The Daily Yonder's coverage of rural economic issues, including workforce development and the future of work in rural America, is supported in part by Microsoft.
Part two of three.
EDITOR’S NOTE: The nature of work in the U.S. may be changing from traditional employment to the “gig economy” – where people are self-employed, work as contracted labor, hire out through a temp agency, or freelance.
We wondered how (and whether) this trend is playing out in rural America. We asked Roberto Gallardo, Ph.D., to take a look. This is the second part of Gallardo’s investigation. Last week, part one of the series showed that the gig economy expanded in metro areas from 2003-2013, but it declined slightly in small cities and rural counties.
Although the gig economy appeared to decline in rural America from 2003-2013, the general trend masks important dynamics. Within individual industries, there’s a different story.
To find that story, we look at broad industries using the NAICS codes. (NAICS codes are standardized industrial codes that range from 2-digits [broader industries] to 6-digits [more specific industries].)
Due to space issues, we only highlight 10 of the 18 2-digit NAICS code industries. As a stand-in for the gig economy, we’re using Census data that tracks the number of “nonemployer establishments.” These businesses paid taxes but had no employees, so the data is a rough measurement of self-employment. (See the first article for more description of the data.)
First up are agriculture-related industries. Figure 1 below shows that, as expected, the ratio of agriculture-related establishments is higher in rural counties than in small cities or metropolitan areas. This ratio increased from 3.1 per 1,000 residents in 2003 to 3.3 in 2013.
What about manufacturing? Surely it is higher in metropolitan counties. Wrong. The ratio of manufacturing nonemployer establishments was higher in rural counties compared to metropolitan counties or small city counties in 2013 as shown in Figure 2 below.
Construction nonemployer establishments per 1,000 residents declined between 2003 and 2013 in both small city and rural counties, while increasing in metro counties. However, the ratio was still higher in rural counties compared to metro counties in 2013.
Uber or Lyft user? Figure 4 focuses on the transportation and warehousing industry. Yes, surprisingly the ratio is higher in rural counties compared to metropolitan counties. The reasons are unclear, and I would encourage our readers to share your thoughts on why this is the case. This industry includes air, rail, water, and truck transportation as well as transit and ground passenger transportation, pipeline transportation, and scenic and sightseeing transportation (is that the reason?).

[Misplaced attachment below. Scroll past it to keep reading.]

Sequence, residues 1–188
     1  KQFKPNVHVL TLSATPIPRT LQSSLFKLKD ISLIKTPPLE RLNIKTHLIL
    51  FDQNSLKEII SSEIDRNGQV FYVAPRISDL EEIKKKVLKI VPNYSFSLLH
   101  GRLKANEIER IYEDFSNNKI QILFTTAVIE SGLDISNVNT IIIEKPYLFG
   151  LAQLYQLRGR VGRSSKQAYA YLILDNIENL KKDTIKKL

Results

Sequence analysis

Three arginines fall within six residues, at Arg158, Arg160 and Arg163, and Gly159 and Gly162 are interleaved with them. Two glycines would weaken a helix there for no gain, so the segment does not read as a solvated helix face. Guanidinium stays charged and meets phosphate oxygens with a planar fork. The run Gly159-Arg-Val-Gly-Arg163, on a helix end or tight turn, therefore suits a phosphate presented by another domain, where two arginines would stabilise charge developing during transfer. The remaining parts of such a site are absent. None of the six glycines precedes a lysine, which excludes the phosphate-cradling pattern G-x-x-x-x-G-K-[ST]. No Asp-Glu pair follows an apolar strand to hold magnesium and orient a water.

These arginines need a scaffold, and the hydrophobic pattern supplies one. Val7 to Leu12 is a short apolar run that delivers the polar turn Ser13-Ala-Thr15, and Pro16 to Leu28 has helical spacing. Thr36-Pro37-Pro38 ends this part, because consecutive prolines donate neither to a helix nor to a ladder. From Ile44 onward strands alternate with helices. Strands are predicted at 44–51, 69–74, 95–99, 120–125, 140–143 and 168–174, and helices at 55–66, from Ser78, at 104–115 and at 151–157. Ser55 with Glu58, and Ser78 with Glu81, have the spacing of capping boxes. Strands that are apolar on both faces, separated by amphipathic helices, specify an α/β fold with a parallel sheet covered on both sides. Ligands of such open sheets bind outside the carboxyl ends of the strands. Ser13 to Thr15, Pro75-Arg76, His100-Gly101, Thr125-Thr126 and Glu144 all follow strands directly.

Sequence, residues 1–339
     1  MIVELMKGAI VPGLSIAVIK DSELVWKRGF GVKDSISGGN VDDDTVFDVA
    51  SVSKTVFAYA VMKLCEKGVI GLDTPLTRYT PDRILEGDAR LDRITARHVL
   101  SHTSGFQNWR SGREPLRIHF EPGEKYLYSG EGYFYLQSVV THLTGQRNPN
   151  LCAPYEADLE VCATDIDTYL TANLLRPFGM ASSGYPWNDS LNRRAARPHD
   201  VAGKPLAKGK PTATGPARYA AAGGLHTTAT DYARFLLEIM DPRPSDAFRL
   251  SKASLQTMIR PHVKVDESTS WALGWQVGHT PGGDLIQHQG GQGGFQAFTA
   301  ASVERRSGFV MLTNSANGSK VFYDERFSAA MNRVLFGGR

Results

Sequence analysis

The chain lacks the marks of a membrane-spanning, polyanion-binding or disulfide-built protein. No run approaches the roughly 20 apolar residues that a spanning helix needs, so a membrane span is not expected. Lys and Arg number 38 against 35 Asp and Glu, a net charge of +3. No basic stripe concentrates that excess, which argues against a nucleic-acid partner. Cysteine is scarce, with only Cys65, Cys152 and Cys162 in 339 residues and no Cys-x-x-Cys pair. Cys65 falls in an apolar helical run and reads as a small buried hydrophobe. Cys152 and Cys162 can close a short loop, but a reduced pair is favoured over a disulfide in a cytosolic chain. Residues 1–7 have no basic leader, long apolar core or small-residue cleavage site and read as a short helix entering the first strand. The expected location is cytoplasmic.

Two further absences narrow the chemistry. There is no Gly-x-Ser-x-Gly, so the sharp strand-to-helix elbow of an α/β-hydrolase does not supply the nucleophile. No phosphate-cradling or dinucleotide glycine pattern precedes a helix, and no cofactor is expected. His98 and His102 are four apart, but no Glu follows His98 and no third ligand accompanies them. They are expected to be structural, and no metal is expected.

Rural counties show a lower ratio regarding professional services compared to metropolitan counties. However, the majority of jobs in this industry are telework friendly and if broadband infrastructure improves in rural counties, this ratio probably will continue to increase in rural counties.
Similar to professional services, the information gig industry is higher in metropolitan counties. However, these too are telework friendly. As awareness of this option and broadband infrastructure improve in rural counties, the gap with metropolitan counties can be reduced in the coming years.
Your community has a bed and breakfast? As shown in Figure 7 this industry is stronger on a per 1,000 resident metric in rural counties compared to metropolitan counties. This perhaps is an overlooked asset of rural counties that needs to be leveraged, similar to transportation (see Figure 4).
Regarding arts and entertainment, metropolitan counties had a stronger gig economy compared to rural counties. However, this industry grew in rural counties between 2003 and 2013 as shown in Figure 8 and could well be an area to invest in if rural communities are not already working on it.
Lastly, Figure 9 shows that the ratio of “other” establishments (these include nonprofits such as religious, grantmaking, civic, and professional establishments as well as repair and maintenance and personal and laundry services among others) was higher in rural counties compared to metropolitan counties and small city counties in 2013.
All in all, the ratio of nonemployer establishments per 1,000 residents was higher in 8 out of the 18 industries analyzed. The rural gig economy is as vibrant as the metropolitan one.
Another thing looking more closely at individual industries reveals is that small cities and rural counties performed differently. Small cities suffered a decline in eight of 18 categories, while rural lost ground in five. Metro, meanwhile, gained jobs in all but two categories.
Although the overall trends (see part 1 of this series) showed a decrease in nonemployer establishments in rural counties between 2003 and 2013, we can see that rural is ahead of the game in certain industries. For these counties to gain more ground will require infrastructure (broadband) and know-how.
Finally, here’s a table that compiles all the information from the charts above into one place.
Next week: How does income compare across industries, and what can we conclude about the rural gig economy.
Roberto Gallardo, Ph.D., is the leader of the Mississippi State University Extension Service Intelligent Community Institute. The institute helps rural communities transition to, plan for, and prosper in the digital age. Gallardo is also a senior fellow at the Center for Rural Strategies, which publishes the Daily Yonder.